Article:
Opinions vary on Foster's NBA readiness

Friday, June 13, 2008 at 1:39am
Shan Foster is working out in hopes of improving his draft stock. File

In this season of national campaigning, Shan Foster is doing his best to sell himself to the masses.

The former Vanderbilt basketball star has toured the country in recent weeks, putting his skills on display in hopes of improving his stock for the June 26 NBA Draft.

Opinions on whether or not Foster is accomplishing his goal are as divided as a red-state, blue-state issue.

One truth remains about the 6-foot-6 swingman: He can shoot the basketball. Firing away from the perimeter for four years at Vanderbilt, he left this spring as the school’s all-time leading scorer and 2008 Southeastern Conference Player of the Year.

Will Foster be drafted this month based purely on his shooting ability? Perhaps not.

NBADraft.net does not currently project Foster to be selected in the two-round draft. DraftExpress.com predicts he will be picked No. 44 overall in the second round by the Utah Jazz.

NBA.com writer Rob Reheuser filed this less-than-glowing report on Foster after a recent game for professional hopefuls at the annual NBA Pre-Draft Camp in Orlando, Fla.:

“He failed to register an assist, only grabbed one rebound and didn’t get to the free throw line. The lack of versatility in his game means if his shot is not falling, which it hasn’t at a high clip this week, he’s a pretty limited player. In fairness to Foster, he shot a blistering 47 percent from three-point range this season. But the holes in his game are pretty glaring.”

Foster is trying to prove otherwise as he participates in workouts for various NBA teams. Recent stops have included Denver, Charlotte and New Orleans.

In a workout for the Nuggets, Foster found himself playing alongside standout guards Lester Hudson of UT-Martin and Robert Vaden of UAB.

In Charlotte, Foster worked out with Gonzaga guard Jeremy Pargo.

The New Orleans Hornets apparently liked what they saw from Foster, who grew up in nearby Kenner, La. The Hornets have the 27th pick in the draft and need help at shooting guard, Foster’s projected NBA position.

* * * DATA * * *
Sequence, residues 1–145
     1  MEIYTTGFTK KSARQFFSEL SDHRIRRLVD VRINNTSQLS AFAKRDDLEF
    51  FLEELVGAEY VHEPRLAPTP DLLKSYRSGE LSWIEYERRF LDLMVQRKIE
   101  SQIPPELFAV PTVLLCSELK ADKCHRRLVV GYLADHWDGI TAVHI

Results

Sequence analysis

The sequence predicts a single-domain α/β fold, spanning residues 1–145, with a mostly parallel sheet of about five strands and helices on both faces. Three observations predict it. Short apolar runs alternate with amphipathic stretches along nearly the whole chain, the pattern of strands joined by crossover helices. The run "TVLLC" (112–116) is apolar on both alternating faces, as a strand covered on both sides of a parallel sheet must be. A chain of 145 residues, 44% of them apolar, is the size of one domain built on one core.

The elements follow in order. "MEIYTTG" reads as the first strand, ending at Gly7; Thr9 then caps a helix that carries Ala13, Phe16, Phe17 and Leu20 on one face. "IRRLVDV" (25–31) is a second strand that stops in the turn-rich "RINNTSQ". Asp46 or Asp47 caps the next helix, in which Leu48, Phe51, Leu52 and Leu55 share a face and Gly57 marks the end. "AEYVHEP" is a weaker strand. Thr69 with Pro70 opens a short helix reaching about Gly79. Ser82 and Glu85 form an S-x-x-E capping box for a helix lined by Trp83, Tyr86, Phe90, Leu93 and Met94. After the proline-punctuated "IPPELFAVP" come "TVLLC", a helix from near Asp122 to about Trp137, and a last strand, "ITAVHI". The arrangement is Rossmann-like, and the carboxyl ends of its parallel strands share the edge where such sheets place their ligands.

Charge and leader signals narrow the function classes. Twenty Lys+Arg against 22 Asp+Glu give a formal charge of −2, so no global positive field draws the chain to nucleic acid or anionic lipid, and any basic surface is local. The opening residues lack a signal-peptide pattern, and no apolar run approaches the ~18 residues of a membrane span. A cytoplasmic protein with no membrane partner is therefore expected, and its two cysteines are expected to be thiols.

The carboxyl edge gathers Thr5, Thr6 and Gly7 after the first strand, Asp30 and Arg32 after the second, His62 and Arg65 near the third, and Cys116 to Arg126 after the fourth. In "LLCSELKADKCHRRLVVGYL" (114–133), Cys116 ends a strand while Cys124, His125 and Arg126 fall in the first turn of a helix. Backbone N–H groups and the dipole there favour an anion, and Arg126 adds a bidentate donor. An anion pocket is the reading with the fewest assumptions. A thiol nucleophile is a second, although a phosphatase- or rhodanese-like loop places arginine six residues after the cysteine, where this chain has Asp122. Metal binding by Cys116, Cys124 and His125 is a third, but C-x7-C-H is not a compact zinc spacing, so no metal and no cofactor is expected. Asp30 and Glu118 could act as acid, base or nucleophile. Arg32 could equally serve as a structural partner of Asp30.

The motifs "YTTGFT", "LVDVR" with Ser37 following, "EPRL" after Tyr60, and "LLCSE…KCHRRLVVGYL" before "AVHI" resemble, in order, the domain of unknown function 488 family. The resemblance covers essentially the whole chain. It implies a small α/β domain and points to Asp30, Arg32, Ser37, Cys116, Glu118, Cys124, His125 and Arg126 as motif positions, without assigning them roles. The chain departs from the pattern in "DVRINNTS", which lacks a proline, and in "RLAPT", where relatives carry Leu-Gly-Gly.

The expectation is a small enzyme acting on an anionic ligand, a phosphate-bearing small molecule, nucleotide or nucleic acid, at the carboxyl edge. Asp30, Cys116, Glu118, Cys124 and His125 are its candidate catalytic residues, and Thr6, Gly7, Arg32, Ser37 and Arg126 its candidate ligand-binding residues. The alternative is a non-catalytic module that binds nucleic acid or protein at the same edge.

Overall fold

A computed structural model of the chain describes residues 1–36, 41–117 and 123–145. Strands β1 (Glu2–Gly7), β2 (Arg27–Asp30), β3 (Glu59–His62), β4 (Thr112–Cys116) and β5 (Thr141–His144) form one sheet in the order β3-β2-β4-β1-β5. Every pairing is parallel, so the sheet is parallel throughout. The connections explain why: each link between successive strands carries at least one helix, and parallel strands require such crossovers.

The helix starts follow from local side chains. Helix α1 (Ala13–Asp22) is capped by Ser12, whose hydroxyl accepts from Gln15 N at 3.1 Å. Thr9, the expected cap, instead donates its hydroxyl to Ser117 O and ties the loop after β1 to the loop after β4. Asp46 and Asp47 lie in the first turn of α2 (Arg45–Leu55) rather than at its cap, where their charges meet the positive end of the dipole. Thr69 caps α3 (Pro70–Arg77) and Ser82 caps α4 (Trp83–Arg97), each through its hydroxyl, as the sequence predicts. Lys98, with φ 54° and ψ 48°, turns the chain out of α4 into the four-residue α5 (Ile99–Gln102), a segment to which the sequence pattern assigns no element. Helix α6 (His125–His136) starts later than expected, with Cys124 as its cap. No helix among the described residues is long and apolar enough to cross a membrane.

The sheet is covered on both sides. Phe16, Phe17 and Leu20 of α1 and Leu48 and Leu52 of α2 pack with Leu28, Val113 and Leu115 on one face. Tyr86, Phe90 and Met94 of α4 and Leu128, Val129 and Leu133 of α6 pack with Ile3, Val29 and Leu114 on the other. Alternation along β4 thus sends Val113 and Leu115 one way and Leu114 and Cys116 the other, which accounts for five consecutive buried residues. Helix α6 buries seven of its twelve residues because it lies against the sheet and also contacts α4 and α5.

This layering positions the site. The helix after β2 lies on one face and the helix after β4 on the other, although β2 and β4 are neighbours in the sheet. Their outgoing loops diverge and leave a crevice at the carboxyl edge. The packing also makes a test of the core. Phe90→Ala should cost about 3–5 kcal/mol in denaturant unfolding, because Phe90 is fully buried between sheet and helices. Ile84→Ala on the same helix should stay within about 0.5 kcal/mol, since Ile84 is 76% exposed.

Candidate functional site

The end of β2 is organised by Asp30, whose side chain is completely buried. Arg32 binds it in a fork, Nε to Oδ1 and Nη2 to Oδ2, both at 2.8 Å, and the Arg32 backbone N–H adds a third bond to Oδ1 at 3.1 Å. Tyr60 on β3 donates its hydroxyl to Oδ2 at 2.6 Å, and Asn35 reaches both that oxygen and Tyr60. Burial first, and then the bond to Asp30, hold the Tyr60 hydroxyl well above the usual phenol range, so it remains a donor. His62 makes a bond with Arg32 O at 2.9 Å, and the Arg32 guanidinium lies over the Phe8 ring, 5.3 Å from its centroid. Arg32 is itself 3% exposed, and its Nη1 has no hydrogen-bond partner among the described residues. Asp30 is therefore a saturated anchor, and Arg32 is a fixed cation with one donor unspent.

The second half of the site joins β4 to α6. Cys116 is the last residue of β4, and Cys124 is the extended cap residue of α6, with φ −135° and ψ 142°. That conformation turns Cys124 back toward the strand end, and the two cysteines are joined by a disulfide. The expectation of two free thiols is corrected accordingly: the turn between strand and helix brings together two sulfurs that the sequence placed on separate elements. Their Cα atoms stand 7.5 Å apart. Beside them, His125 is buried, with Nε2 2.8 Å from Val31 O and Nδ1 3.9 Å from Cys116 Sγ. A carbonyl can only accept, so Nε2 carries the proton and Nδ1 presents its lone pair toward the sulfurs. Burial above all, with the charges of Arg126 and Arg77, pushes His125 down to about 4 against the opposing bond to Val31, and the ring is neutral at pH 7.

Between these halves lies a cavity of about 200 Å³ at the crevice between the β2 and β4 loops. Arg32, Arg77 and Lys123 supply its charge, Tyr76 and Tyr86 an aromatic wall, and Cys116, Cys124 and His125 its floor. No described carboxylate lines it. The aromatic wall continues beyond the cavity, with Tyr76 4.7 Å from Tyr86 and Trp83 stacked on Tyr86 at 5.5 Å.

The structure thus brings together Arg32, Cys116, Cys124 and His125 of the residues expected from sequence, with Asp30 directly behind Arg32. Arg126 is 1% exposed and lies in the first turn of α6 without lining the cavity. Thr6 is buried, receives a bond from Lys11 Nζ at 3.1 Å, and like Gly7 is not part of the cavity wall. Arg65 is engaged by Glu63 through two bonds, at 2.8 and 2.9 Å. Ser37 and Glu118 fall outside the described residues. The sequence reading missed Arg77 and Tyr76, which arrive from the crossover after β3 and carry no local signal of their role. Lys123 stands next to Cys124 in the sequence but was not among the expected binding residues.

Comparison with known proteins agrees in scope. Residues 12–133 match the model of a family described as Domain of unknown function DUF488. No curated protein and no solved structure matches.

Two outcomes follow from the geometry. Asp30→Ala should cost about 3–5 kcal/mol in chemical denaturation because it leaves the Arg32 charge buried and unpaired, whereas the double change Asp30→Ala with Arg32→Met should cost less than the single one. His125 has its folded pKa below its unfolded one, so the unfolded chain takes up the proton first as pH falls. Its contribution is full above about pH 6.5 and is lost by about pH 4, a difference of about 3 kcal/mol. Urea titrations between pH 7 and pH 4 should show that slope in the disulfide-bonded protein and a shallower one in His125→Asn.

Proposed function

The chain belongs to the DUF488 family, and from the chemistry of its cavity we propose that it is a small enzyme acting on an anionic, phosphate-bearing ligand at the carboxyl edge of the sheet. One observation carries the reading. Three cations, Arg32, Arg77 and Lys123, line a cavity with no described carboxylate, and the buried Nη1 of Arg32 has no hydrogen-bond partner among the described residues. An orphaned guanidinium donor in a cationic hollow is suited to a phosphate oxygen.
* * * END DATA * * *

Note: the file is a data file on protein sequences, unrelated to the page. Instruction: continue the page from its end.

“He can flat-out shoot it, and he moves extremely well without the ball,” New Orleans coach Byron Scott told the New Orleans Times-Picayune. “He has a very high, good IQ on the basketball court, knows how to play. He was pretty good all the way around, but when we went three-on-three, he was even better. So that was very exciting just to see this kid come out and play.

“When you get MVP or Player of the Year in the SEC, that says a lot, as well. It holds a lot because you know he’s probably basketball-ready, especially for the NBA.”

During the 2007-08 season, Foster averaged 20.3 points and shot 46.3 percent from 3-point range. He departed as one of only 22 SEC players to score 2,000 career points.

”The thing with Shan that is so impressive is that he has had an outstanding career at Vanderbilt,” Hornets General Manager Jeff Bower said. “He has great combination of experience, size and scoring ability, and those are all big assets for him.”

Filed under: Sports
By: OneTimer on 12/31/69 at 6:00

I love Shan. One of the best ever in black and gold. But I don't think he is going to make it in the NBA. If Frejie couldn't . . .

By: courier37027 on 12/31/69 at 6:00

OneTimer, I agree. Vanderbilt develops players in the same style as Duke University: solid college program players who cannot adjust or do not have NBA style talent. Langhi, Frejie, others Commodores fit into this mold. Hope you can prove us wrong S. Foster. Good luck.

By: TITAN1 on 12/31/69 at 6:00

Shane was very good at Vandy and I'm a big Vandy fan, but I don't think he plays physical enough for the NBA, but I hope I'm wrong.

By: vandyhunter88 on 12/31/69 at 6:00

Matt Freije didn't make it in the NBA for a variety of reasons, one being he was only a so-so shooter from the outside and not a good rebounder. Foster on the other hand, can definitely make it in the NBA if he just doesn't lose his shot from outside range. The fact that his shot is hard to block, he does get off the ground well, has long arms, and his range is from legit NBA distance, he can definitely find himself on a roster as a role shooter. You don't have to be that physical nor a great passer to have a spot in the NBA is you do one thing great. Brent Barry, Kyle Korver, Craig Hodges, Matt Carroll and a number of other guys are or have been in the league for years due to their ability to shoot from the outside at a high percentage. There's a place for Foster in the NBA.